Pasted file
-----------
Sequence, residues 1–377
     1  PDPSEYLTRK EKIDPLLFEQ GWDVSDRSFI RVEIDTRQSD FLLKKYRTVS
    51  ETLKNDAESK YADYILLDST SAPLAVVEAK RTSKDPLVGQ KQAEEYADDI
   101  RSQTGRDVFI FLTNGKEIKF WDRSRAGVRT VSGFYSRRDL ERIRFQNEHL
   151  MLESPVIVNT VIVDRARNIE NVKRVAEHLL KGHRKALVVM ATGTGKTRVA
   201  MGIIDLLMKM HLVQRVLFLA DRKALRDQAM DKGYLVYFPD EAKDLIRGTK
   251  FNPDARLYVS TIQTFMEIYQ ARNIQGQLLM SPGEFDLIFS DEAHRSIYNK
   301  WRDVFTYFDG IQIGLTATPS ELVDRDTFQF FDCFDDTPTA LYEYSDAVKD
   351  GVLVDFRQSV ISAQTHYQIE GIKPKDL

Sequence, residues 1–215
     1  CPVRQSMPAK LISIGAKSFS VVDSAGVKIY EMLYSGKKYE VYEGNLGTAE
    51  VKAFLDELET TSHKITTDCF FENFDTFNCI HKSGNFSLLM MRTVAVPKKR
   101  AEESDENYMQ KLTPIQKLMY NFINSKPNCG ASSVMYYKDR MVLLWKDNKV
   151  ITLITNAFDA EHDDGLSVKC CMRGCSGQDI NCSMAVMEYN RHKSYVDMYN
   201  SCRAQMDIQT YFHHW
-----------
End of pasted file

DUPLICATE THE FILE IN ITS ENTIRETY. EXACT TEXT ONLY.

Sequence, residues 1–377
     1  PDPSEYLTRK EKIDPLLFEQ GWDVSDRSFI RVEIDTRQSD FLLKKYRTVS
    51  ETLKNDAESK YADYILLDST SAPLAVVEAK RTSKDPLVGQ KQAEEYADDI
   101  RSQTGRDVFI FLTNGKEIKF WDRSRAGVRT VSGFYSRRDL ERIRFQNEHL
   151  MLESPVIVNT VIVDRARNIE NVKRVAEHLL KGHRKALVVM ATGTGKTRVA
   201  MGIIDLLMKM HLVQRVLFLA DRKALRDQAM DKGYLVYFPD EAKDLIRGTK
   251  FNPDARLYVS TIQTFMEIYQ ARNIQGQLLM SPGEFDLIFS DEAHRSIYNK
   301  WRDVFTYFDG IQIGLTATPS ELVDRDTFQF FDCFDDTPTA LYEYSDAVKD
   351  GVLVDFRQSV ISAQTHYQIE GIKPKDL

Sequence, residues 1–215
     1  CPVRQSMPAK LISIGAKSFS VVDSAGVKIY EMLYSGKKYE VYEGNLGTAE
    51  VKAFLDELET TSHKITTDCF FENFDTFNCI HKSGNFSLLM MRTVAVPKKR
   101  AEESDENYMQ KLTPIQKLMY NFINSKPNCG ASSVMYYKDR MVLLWKDNKV
   151  ITLITNAFDA EHDDGLSVKC CMRGCSGQDI NCSMAVMEYN RHKSYVDMYN
   201  SCRAQMDIQT YFHHW